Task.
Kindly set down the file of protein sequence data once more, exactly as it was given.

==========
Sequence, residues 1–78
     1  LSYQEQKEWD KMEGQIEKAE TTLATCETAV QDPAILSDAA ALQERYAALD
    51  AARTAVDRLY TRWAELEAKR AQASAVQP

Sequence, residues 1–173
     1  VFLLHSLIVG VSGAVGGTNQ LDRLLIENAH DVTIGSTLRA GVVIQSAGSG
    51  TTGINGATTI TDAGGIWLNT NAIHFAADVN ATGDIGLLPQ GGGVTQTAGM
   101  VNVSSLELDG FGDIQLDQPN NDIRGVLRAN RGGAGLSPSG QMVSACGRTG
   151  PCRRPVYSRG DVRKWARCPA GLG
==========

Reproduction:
Sequence, residues 1–78
     1  LSYQEQKEWD KMEGQIEKAE TTLATCETAV QDPAILSDAA ALQERYAALD
    51  AARTAVDRLY TRWAELEAKR AQASAVQP

Sequence, residues 1–173
     1  VFLLHSLIVG VSGAVGGTNQ LDRLLIENAH DVTIGSTLRA GVVIQSAGSG
    51  TTGINGATTI TDAGGIWLNT NAIHFAADVN ATGDIGLLPQ GGGVTQTAGM
   101  VNVSSLELDG FGDIQLDQPN NDIRGVLRAN RGGAGLSPSG QMVSACGRTG
   151  PCRRPVYSRG DVRKWARCPA GLG